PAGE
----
• Know basic microbiological quality control

  • Know differences between microbiological testing techniques, methods and technologies in environmental samples

PART 2: Microbiological Testing Supplies, Equipment, and Instrumentation May 25, 2023, 11am-12:30pm EDT This course will provide participants with information on common microbiology equipment, instrumentation, and supplies. Verification of equipment, instrumentation and supplies will also be covered. Topics addressed will include:

  • Examples of equipment that will be discussed include but are not limited to: autoclaves, filtration apparatus, incubators/waterbaths, thermometers, dishwashers, and centrifuges

  • Examples of instrumentation that will be discussed include but are not limited to microscopes, ELISA spectrophotometers, and thermocyclers

  • Examples of supplies that will be discussed include but are not limited to pipets, petri dishes, and disposable funnels

Learning Objectives: Have a general understanding of microbiological:

  • Equipment

  • Instrumentation

  • Supplies

  • The verification requirements for equipment, instrumentation, and supplies

PART 3: Microbiological Quality Control Testing June 22, 2023, 11am-12:30pm EDT This course will provide participants with information on microbiological quality control samples, trend analysis and control culture maintenance.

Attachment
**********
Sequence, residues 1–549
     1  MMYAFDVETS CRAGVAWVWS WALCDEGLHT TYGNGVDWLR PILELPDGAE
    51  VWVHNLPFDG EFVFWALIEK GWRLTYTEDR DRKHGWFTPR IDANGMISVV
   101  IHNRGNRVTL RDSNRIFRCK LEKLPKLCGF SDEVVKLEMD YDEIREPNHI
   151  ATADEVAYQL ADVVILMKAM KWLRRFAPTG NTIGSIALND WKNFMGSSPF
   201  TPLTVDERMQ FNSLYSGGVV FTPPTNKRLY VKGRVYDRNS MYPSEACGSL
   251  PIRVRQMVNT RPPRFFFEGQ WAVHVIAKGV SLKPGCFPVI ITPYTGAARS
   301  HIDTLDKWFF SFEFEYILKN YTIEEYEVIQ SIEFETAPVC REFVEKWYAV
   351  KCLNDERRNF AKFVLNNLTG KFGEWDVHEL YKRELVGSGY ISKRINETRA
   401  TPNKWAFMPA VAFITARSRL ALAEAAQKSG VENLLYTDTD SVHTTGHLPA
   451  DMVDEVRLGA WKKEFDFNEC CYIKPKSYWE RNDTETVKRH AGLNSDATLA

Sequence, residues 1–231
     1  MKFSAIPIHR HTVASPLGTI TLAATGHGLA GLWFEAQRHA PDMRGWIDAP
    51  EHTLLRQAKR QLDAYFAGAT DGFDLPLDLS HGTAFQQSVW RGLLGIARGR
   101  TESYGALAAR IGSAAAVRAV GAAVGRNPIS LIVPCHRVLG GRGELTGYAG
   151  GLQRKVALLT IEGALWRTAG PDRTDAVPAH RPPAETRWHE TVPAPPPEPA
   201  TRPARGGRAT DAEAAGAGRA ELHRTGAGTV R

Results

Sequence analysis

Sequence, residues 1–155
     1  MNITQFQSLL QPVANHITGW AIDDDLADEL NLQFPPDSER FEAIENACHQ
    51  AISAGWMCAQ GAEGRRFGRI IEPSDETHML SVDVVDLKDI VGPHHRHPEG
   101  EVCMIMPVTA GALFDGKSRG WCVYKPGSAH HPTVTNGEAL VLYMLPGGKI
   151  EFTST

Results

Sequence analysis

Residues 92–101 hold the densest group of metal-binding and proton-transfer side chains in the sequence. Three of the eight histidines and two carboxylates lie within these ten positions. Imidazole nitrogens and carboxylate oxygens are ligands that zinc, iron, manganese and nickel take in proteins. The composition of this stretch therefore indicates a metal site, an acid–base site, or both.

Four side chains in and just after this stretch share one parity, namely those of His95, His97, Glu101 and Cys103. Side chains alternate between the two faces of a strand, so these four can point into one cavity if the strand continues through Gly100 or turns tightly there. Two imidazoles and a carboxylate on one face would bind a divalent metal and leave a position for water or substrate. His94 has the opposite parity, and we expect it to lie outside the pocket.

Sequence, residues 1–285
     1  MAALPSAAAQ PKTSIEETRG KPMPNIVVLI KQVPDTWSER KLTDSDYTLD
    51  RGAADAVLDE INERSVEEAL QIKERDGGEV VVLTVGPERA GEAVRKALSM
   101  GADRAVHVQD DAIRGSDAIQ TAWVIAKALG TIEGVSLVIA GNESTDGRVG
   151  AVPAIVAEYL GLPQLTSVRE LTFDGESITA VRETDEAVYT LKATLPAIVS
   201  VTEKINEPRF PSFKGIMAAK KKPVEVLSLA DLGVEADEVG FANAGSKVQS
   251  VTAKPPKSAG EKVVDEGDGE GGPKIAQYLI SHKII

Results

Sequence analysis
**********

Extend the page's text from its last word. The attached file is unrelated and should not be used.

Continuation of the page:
Learning Objectives: Have a general understanding of microbiological batch Quality Control including:

  • Positive/negative control samples

  • Control samples such as method blanks, ongoing precision and recovery samples, and matrix spike/matrix spike duplicates

  • Use of calibration curves

  • Use of control charts

  • Equivalent naming to chemistry control samples

  • Reference culture creation and maintenance

PART 4: Microbiological Testing Media and Reagents July 27, 2023, 11am-12:30pm EDT This course will provide participants with information on creation and verification of microbiological testing media and reagents.


Learning Objectives: Have a general understanding of microbiological media and reagents related to:

  • How to make media and reagents

  • Sterility testing

  • Performance testing

  • Storage Conditions

  • Requirements related to Lab Made vs Pre-Purchased Media

PART 5: Microbiological Testing Methods August 24, 2023, 11am-2pm EDT This course will provide participants with in depth information on microbiological testing methods.


Learning Objectives: Have a general understanding of microbiological testing methods in relation to: